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The 20 Bite Rule

Woman Cooking with WokCan chewing each small bite at least 20 times really make you eat less? Maybe not, but it might make you feel more full than if you were to wolf down your meal, suggests a recent study.

In the study, 30 young women took part in two lunchtime scenarios, a few days apart. At one lunch, the women sped through a pasta meal: they ate with a large spoon and did not pause between bites. At the second lunch, the diners used a small spoon and ate that same pasta meal slowly. The women chewed each bite 20 to 30 times and put down their spoon between bites. Mealtime took about 18 minutes longer than when they ate quickly.

Before, during and after the meal the women were asked about their appetite. All the women had eaten the same breakfast and then not eaten until lunchtime. Everyone also drank the same amount of water during lunch (about a cup).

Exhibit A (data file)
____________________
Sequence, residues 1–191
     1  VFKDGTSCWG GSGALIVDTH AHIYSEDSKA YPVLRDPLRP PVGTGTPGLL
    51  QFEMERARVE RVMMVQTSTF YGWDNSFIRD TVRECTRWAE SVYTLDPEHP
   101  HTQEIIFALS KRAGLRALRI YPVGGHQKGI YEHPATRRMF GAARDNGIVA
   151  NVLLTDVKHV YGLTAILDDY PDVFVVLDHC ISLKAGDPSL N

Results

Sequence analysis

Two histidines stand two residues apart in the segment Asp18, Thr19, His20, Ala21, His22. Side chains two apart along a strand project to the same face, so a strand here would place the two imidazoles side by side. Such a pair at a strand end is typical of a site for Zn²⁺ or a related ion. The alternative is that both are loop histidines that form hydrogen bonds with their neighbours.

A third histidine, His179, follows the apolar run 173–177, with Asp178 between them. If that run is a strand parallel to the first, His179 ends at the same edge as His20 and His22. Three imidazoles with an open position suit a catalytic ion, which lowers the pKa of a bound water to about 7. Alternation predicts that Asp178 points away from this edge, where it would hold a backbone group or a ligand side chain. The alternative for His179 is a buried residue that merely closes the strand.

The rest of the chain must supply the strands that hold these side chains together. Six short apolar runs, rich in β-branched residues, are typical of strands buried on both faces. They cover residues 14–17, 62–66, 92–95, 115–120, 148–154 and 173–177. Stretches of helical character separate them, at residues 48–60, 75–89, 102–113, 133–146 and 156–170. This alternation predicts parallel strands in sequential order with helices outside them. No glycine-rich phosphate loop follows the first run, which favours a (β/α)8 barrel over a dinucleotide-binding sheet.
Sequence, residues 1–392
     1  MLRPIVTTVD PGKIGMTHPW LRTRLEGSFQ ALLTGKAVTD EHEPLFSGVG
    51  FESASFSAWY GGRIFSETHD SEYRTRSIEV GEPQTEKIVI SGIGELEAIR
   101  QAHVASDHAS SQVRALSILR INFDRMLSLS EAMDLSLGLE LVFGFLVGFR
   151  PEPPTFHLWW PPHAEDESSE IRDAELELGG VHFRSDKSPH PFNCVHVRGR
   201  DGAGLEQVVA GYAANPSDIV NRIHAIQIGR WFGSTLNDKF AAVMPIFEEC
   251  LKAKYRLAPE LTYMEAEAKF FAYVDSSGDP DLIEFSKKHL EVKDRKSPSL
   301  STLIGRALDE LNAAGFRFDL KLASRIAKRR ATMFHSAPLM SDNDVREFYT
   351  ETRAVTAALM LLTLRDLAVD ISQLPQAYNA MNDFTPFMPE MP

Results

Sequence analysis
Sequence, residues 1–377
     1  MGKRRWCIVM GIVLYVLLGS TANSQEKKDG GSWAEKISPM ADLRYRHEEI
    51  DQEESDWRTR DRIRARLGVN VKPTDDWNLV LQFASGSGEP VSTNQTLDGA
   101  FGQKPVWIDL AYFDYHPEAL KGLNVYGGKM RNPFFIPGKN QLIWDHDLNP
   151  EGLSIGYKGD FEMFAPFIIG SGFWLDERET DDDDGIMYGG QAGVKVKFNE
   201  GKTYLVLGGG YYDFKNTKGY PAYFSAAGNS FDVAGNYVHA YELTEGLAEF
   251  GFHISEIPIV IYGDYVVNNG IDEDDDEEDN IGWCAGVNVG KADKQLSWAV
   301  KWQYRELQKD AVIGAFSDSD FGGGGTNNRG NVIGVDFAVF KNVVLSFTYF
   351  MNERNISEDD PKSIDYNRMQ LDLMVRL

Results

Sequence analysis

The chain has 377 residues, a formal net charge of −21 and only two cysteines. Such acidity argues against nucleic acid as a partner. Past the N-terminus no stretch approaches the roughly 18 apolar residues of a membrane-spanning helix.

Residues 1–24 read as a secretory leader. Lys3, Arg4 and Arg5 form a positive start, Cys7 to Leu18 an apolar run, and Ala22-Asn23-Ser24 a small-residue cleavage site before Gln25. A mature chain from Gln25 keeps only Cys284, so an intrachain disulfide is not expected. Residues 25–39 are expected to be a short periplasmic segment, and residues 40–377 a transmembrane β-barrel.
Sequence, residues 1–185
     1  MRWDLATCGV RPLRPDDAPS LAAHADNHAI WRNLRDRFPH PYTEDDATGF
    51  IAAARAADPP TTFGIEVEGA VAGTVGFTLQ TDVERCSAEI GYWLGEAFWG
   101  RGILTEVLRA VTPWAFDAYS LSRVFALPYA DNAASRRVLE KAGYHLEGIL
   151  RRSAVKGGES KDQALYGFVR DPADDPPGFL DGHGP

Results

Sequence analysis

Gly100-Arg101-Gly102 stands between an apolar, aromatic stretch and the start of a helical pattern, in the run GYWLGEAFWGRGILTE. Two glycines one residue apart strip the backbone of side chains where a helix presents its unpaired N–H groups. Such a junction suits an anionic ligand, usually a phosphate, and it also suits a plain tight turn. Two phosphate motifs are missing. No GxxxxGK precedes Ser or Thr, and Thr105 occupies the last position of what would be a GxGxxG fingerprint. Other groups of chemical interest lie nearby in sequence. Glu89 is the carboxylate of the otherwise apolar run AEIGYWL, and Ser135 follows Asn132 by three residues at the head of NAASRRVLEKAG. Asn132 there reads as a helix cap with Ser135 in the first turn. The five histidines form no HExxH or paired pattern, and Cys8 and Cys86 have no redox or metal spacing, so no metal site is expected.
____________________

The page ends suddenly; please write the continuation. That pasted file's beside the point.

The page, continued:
Whether the women ate quickly or slowly, they ate approximately the same amount of food – about three quarters of the pasta. When the women ate slowly, they rated they were more hungry up to 20 minutes after finishing the meal. But an hour after eating, they were less hungry and rated less desire to eat compared to when they ate quickly.

Having water freely available and giving the diners time to drink it may play a role in how much people ate, the authors conclude. Having water and slowing down eating may help maximize satiation and regulate calorie intake.


Source: Ana M Andrade, Daniel L Kresge, Pedro J Teixeira, Fátima Baptista and Kathleen J Melanson. “Does eating slowly influence appetite and energy intake when water intake is controlled?” International Journal of Behavioral Nutrition and Physical Activity 2012, 9:135.

Published on January 8, 2013

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